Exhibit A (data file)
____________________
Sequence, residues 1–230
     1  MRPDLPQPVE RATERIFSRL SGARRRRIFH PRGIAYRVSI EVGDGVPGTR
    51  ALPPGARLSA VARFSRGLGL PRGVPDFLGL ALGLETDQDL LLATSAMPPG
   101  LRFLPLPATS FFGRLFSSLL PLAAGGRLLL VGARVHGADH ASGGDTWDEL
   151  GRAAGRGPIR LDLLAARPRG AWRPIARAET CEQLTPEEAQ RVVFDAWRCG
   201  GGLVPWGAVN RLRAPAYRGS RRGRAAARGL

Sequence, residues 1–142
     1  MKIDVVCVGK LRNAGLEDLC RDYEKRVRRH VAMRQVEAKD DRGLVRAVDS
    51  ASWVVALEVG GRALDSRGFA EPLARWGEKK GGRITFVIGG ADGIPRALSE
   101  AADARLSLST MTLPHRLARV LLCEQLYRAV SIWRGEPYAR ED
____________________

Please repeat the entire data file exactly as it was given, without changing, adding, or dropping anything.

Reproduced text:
Sequence, residues 1–230
     1  MRPDLPQPVE RATERIFSRL SGARRRRIFH PRGIAYRVSI EVGDGVPGTR
    51  ALPPGARLSA VARFSRGLGL PRGVPDFLGL ALGLETDQDL LLATSAMPPG
   101  LRFLPLPATS FFGRLFSSLL PLAAGGRLLL VGARVHGADH ASGGDTWDEL
   151  GRAAGRGPIR LDLLAARPRG AWRPIARAET CEQLTPEEAQ RVVFDAWRCG
   201  GGLVPWGAVN RLRAPAYRGS RRGRAAARGL

Sequence, residues 1–142
     1  MKIDVVCVGK LRNAGLEDLC RDYEKRVRRH VAMRQVEAKD DRGLVRAVDS
    51  ASWVVALEVG GRALDSRGFA EPLARWGEKK GGRITFVIGG ADGIPRALSE
   101  AADARLSLST MTLPHRLARV LLCEQLYRAV SIWRGEPYAR ED